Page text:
Dependent Variables. This research examined two sets of attitudes: support for expanding prisons and perceptions about the quality of jobs found in prisons. Two measures of support for expanding prisons were developed. A global measure of support for prison expansion was included to assess general support for prison construction. Respondents were asked whether they supported “building a new prison in your community.” Response options included “strongly support building a new prison,” “slightly support a new prison,” “slightly oppose a new prison,” and “strongly oppose a new prison.” In addition, respondents were asked to rate how important it was for local governments to invest in and attract the following types of industry to the region: tourism, fisheries, agriculture, wineries, manufacturing, retail, medical industries, prisons, education, mining, and gambling. All of these industries had been mentioned in the media or in political campaigns as potential sources of economic growth in southern Illinois. For each item, respondents were asked whether they thought that it was “very important,” “important,” “somewhat important,” or “not important” to attract this type of industry to the region. This item allowed us to examine the relative support given to expanding prisons compared to other industries.
Attitudes about correctional employment were also assessed using multiple items. First, respondents were asked how they would rate “the overall quality of jobs found in prisons.” The response options were “very high quality,” “high quality,” “average quality,” “low quality,” and “very low quality.” Next, participants were asked how likely it was that they would take a job as a CO if they were currently looking for a job. Response options ranged from very likely to very unlikely.
Two openended questions were also posed. First, respondents were asked to report in their own words what they thought would be the “most appealing or attractive quality” about working as a correctional officer. Next, participants were asked what they thought would be the “least appealing or attractive quality” about this type of work.
Finally, a domain-specific measure of perceived job quality was developed drawing on items contained in the General Social Survey. Respondents were asked to indicate their level of agreement or disagreement on a four-point Likert scale with a number of statements about correctional officers’ jobs (see Table 1). The statements measured perceptions of job security, income, opportunity for advancement, recognition and respect, leisure time, interesting work, independence, work environment, responsibility, contact with others, helping others, safety, equal opportunity for advancement, and job meaningfulness.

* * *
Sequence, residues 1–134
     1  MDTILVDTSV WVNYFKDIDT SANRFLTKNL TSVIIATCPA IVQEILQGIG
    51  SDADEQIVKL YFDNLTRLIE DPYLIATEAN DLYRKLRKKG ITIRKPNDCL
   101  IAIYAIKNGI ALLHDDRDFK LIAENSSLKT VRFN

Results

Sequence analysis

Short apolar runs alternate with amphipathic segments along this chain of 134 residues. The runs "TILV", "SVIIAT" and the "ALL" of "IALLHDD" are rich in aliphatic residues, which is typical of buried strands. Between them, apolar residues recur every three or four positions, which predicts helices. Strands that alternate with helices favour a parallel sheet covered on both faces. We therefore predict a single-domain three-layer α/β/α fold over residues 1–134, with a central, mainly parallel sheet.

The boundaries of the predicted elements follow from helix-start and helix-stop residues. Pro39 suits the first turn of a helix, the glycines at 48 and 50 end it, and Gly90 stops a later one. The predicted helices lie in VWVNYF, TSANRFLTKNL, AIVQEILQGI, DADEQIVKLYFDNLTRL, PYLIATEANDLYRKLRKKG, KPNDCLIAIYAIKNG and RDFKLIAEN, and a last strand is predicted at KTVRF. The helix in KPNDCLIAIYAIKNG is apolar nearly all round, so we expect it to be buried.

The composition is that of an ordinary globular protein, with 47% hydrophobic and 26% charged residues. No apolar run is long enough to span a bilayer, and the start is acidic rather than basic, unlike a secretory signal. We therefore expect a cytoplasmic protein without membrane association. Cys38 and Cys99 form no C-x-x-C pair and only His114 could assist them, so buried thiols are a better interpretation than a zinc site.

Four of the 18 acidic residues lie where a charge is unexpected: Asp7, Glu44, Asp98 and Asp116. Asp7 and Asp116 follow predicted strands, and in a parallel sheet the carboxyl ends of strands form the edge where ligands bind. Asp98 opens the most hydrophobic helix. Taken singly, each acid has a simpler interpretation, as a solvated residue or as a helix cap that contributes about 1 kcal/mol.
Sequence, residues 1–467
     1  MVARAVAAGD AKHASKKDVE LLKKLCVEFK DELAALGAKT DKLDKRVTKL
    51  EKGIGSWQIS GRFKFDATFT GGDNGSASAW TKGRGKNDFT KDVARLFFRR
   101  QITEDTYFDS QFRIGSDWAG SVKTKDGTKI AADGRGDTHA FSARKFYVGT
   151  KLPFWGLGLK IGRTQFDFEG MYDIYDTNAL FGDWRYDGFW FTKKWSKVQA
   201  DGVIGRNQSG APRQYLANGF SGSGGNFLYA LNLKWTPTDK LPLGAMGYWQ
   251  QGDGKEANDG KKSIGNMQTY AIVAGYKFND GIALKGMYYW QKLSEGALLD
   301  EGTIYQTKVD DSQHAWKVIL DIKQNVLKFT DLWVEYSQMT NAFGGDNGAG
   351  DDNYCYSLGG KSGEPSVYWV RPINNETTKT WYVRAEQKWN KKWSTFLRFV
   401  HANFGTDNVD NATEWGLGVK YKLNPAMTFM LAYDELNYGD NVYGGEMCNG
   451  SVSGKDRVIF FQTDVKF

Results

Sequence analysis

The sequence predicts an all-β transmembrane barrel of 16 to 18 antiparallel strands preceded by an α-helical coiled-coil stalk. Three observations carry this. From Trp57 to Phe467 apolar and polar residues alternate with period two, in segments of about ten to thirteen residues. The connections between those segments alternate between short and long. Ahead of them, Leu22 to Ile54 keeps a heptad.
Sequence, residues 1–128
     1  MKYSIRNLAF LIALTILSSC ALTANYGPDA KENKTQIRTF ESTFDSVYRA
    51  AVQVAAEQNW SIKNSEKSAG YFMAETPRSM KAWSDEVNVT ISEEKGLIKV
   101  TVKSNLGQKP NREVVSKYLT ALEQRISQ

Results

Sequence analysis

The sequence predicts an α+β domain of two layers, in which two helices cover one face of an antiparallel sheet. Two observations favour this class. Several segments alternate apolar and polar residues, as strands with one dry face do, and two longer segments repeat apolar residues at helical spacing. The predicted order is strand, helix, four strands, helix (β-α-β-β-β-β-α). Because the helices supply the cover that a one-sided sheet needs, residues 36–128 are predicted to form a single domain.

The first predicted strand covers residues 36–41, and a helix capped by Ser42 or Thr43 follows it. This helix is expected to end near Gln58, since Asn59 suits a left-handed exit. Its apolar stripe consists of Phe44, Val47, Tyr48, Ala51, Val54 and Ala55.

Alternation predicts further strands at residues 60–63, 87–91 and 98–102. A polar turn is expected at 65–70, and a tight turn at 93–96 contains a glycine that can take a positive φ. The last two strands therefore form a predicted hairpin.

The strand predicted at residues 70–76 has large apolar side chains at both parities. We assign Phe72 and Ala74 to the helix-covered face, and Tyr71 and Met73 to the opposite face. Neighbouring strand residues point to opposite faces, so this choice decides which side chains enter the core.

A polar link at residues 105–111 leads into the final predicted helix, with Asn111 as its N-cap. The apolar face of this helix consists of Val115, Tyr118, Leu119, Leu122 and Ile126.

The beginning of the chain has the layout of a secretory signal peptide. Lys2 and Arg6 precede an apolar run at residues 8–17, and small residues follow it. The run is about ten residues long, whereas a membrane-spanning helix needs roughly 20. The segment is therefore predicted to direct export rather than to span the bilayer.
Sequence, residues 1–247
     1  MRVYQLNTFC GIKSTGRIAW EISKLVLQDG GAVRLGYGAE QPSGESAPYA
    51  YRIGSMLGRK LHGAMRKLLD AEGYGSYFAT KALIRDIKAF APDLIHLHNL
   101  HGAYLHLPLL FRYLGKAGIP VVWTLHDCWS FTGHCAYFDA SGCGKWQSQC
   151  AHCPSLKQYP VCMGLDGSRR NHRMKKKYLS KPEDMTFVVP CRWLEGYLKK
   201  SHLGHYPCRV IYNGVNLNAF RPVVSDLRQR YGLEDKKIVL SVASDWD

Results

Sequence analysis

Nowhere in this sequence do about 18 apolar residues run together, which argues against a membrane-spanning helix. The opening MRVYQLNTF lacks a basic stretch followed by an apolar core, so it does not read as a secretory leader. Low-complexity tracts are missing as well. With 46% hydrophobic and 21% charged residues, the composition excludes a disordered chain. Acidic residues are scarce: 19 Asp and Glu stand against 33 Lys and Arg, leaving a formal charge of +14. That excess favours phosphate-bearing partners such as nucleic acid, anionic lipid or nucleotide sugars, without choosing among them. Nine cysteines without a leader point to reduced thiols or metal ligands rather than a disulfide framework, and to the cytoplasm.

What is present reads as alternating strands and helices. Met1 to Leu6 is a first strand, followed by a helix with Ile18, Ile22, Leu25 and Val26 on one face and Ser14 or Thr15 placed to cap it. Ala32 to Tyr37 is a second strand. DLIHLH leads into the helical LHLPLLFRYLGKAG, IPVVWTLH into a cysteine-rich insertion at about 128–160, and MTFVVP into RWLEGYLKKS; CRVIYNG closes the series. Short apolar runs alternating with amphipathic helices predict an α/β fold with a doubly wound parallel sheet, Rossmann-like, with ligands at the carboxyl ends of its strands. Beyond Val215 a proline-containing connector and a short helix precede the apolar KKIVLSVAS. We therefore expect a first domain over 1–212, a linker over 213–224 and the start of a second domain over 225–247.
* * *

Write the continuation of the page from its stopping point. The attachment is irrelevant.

Independent Variables. Among the independent variables examined were age, gender (1 = female, 0 = male), race (1 = non-White, 0 = White), level of education (measured on an ordinal scale from 1 to 7), income (measured on an ordinal scale from 1 to 10), political orientation (measured on a 9 point scale with 9 equal to “very conservative,” 5 equal to “moderate,” and 1 equal to “very liberal”), employment status (1 = employed full-time, 0 = other employment status), job security (an ordinal measure ranging from 1), and job satisfaction (measured with the Quinn and Staines (1979) global job satisfaction scale; alpha = .79). These variables were included in the analysis to explore whether support for prison expansion and attitudes about correctional officers were associated with respondents’ socio-demographic characteristics and job experiences.
Historically, correctional officers have been ideologically conservative white males from rural areas with little or no post-secondary education (see Philiber 1987; Lombardo, 1981). Measures of gender, race, education, and political orientation were included to examine whether those traditionally drawn to prison work are also more likely to support prison construction, view correctional work positively, and consider becoming a correctional officer themselves. Economic and occupational variables were similarly examined to assess whether support for prisons and prison work was associated with income, job security, and job satisfaction. It seemed likely, for example, that respondents with higher levels of income, stable jobs, and jobs that are satisfying would be less likely to support correctional work because they had less need or desire for a new job. Finally, age was included as a control variable, with the expectation that older respondents are generally less willing to change jobs.
Support for Expanding the Prison Industry
The majority of the study participants indicated that they were opposed to building of a new prison in their community. Thirty-two percent indicated that they were “strongly opposed” and 30 percent said that they were “slightly opposed” to a new prison. Among the remaining respondents, 23 percent indicated that they would “slightly support” the building of a new prison and, 15 percent indicated that they would “strongly support” such a plan.